While it's encouraging that workers continue to feel an increased sense of belonging at work, it's clear that a disconnect has emerged with many workers globally, of all diversity dimensions, feeling excluded, actively self-editing or hiding certain dimensions of who they are at work.

For leaders looking to bridge this gap to maximize engagement, well-being, and productivity, and better enable their employees to feel free to be themselves, one-on-one check-ins still matter most”.

Enabling flexibility increases workers’ sense of belonging

Although today’s work environment has posed many challenges, it is clear that greater flexibility has contributed to workers’ sense of belonging. In fact, of workers who have noted an impact on their sense of belonging from hybrid work, ongoing disruption, or economic volatility, the top two responses show that they feel an increased sense of belonging because their organization has become more flexible and because they have been encouraged to be open about their opinions, needs, preferences, and personality.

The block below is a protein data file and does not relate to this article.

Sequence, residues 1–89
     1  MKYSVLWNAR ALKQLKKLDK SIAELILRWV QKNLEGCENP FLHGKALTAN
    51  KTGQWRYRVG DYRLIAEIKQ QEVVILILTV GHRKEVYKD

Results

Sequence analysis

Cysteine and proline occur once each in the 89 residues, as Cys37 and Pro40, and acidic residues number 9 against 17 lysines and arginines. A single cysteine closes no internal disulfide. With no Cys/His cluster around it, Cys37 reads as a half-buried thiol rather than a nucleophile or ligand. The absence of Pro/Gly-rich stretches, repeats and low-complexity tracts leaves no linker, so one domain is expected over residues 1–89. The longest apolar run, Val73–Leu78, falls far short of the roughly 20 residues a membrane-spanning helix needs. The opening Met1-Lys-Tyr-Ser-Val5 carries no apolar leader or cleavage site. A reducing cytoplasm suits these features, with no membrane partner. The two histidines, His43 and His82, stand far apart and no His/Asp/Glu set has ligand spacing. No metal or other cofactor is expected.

Furthermore, 45% of respondents shared that flexible working, including autonomy in choosing hours and location, was their top motivator for instilling DE&I within their own teams. This underscores the importance for those in leadership positions to continue to integrate and offer flexible practices in today’s workplace.

Equitable pay may be the fastest route to addressing inequity; confidence in upward mobility may be wavering

An overwhelming majority of respondents acknowledge some level of inequity within their workplace; merely 6% say they have felt none. Equitable pay is cited by 40% as the top contributor to a sense of equity at work, followed by equitable performance evaluation (34%) and equitable work assignments (30%).